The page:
Career advice

Colorectal: an underrated specialty

Choosing a specialty seen as one of the least glamorous was never an issue for colorectal consultant nurse Fiona Hibberts, who approaches her work with humour and pragmatism

Choosing a specialty seen as one of the least glamorous was never an issue for colorectal consultant nurse Fiona Hibberts, who approaches her work with humour and pragmatism

Fiona Hibberts says colorectal nursing provides opportunities for a great career.
Picture: Mark Hakansson

It was an encounter with one particular patient that led Fiona Hibberts to discover her passion for colorectal nursing.

As a newly qualified nurse Ms Hibberts was working as a cardiac staff nurse when one patient, who had received a heart transplant, needed surgery for a bowel obstruction. Watching his progress made Ms Hibberts reassess her priorities.

‘Even though cardiac was exciting, this episode taught me that we often overlook the real fundamental problems that we face,’ says Ms Hibberts.

‘The heart transplant had worked, but it was the bowel obstruction that was causing the real problem for that patient at that time. It made me rethink what I wanted to do, and the first step involved widening my experience.’

So much variety

Today Ms Hibberts is a colorectal consultant nurse at Guy’s and St Thomas’ NHS Foundation Trust in London. She joined the trust in 2000 after working in general surgery nursing, first as a staff nurse, then a sister, practice development nurse and lecturer practitioner – qualifying with a postgraduate certificate of education and a master’s degree along the way.

Since joining the trust as a clinical nurse specialist she has taken on new roles, learned new skills and continued to develop her practice. For example, she trained as an endoscopist and a non-medical prescriber and has taken on trust-wide roles in strategy and service development.

Ms Hibberts became a nurse consultant in 2006 – and loves it. ‘There is so much variety. I sometimes think that colorectal nursing is a misrepresented part of nursing. It’s a fast-moving specialism and there are a lot of exciting things happening both surgically and medically.’

Nurse-led clinics

Since beginning her current role she has developed a number of nurse-led clinics covering areas such as family history screening, rapid access one-stop clinics, perianal surgery and telephone triage.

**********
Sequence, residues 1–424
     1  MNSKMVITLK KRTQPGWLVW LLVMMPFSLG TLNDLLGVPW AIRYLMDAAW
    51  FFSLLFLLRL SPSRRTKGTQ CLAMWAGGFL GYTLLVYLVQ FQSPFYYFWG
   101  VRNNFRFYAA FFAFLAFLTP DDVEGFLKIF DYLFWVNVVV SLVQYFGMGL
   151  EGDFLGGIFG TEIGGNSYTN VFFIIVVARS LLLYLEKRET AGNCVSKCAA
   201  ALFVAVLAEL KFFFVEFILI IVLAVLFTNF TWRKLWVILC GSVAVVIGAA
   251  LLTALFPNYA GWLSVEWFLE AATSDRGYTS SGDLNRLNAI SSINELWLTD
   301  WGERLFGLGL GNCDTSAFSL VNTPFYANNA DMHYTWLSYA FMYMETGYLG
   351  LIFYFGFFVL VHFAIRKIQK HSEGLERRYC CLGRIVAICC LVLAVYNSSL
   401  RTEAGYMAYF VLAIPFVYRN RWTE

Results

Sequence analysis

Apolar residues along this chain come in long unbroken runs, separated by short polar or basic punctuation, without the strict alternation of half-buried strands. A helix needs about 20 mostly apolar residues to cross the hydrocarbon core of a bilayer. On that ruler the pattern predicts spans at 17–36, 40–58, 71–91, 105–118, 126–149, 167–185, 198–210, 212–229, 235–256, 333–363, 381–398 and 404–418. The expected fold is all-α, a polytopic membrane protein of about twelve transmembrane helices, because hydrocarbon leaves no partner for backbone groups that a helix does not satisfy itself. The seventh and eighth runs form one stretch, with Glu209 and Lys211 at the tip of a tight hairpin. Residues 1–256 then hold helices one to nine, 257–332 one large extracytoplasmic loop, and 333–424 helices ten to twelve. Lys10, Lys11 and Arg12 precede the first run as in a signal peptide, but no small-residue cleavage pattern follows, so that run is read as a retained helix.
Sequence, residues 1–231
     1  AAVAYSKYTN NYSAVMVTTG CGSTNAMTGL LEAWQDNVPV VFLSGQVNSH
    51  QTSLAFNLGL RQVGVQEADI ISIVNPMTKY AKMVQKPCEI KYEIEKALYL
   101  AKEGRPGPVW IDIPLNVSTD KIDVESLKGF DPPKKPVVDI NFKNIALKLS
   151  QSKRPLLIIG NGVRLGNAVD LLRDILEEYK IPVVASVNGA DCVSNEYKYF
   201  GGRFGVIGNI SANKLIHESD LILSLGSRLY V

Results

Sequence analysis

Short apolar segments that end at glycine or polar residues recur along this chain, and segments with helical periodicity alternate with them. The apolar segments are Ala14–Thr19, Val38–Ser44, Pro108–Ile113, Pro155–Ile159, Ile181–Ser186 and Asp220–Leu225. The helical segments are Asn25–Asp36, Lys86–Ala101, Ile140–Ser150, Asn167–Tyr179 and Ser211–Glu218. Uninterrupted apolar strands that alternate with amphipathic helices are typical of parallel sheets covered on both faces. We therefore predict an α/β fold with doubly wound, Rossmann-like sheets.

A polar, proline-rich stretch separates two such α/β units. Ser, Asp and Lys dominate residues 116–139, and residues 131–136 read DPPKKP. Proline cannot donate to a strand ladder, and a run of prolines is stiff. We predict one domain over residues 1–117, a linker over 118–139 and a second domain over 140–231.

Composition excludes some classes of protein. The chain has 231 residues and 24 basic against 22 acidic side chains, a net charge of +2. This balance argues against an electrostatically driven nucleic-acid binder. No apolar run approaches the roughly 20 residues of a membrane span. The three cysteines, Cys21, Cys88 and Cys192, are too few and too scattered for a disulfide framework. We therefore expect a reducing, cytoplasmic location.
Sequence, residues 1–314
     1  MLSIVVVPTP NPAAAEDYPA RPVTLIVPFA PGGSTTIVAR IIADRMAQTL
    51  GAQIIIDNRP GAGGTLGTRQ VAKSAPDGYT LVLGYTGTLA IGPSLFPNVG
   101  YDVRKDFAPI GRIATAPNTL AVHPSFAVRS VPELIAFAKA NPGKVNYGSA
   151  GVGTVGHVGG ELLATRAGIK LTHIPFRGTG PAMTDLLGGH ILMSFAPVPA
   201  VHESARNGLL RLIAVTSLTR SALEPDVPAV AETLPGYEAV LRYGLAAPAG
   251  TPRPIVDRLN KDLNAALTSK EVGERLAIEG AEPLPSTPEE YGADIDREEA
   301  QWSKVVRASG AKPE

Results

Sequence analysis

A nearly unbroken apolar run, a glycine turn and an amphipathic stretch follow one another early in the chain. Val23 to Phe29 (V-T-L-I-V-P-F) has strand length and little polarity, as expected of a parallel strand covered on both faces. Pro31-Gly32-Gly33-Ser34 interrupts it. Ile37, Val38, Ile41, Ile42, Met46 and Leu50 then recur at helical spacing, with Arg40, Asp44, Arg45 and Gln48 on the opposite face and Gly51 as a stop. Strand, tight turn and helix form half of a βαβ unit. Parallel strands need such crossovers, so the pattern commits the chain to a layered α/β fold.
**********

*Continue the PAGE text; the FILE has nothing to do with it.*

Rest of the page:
She also set up a nurse-led biofeedback clinic, which involves holistic and conservative management of patients with bowel dysfunction, such as faecal incontinence or chronic constipation.

Other achievements include developing what is believed to be the first national nurse-led proctography clinic and helping to set up a pelvic floor unit, alongside surgeons and a multidisciplinary team. This has grown into one of the largest tertiary referral centres for complex pelvic floor dysfunction in the UK.

She also set up the enhanced recovery after surgery programme, which aims to reduce length of stay and complications while not changing the discharge criteria. In the first three months, it reduced length of stay for major colorectal resection from 14 to eight days, and the programme has since been adopted as standard practice in colorectal surgery across the UK.

Ms Hibberts has supported other specialties to develop similar initiatives in their areas.

Childhood ambition

She decided she wanted to be a nurse when she was a small child and never wavered from that ambition. ‘It’s a bit of a cliché I know, but when I was a little girl both my nanas were poorly. They had some amazing nurses and I really liked the idea of walking along with people on their journey, whether it is sad or happy. It sounds a bit twee, but it’s true,’ she says.

After qualifying, she at first thought community nursing would be the area for her – she loved the idea of caring for people in their own setting – but an unexpected obstacle got in the way. ‘I was frightened of dogs, so I really couldn’t cope with that at all,’ she says.

Community nursing’s loss is colorectal’s gain, although she would be the first to admit that, as a specialty, it is not seen as one of the most glamorous. She deals with this with a mixture of humour and pragmatism – and a huge amount of passion.

Taboo area

‘When I was working as a nurse endoscopist I used to joke that I was spending a lot of time where the sun don’t shine,’ she says with a laugh. ‘Humour is important when you’re speaking to patients. It’s a taboo area – nobody wants to talk about their bum or their bowel.’

She believes that this is beginning to change, albeit slowly. ‘A few years ago, I was on a bowel cancer awareness double decker bus that we took out around south London. People were embarrassed to talk to us. I hope it would be different now as there is greater awareness, although it is still seen as a taboo part of the body.

‘What I would definitely say, however, is that colorectal nursing is a fantastic area to work in – it’s dynamic and underrated and has brilliant opportunities for a great career. I’m really glad I went down that path.’

Jennifer Trueland is a freelance health journalist

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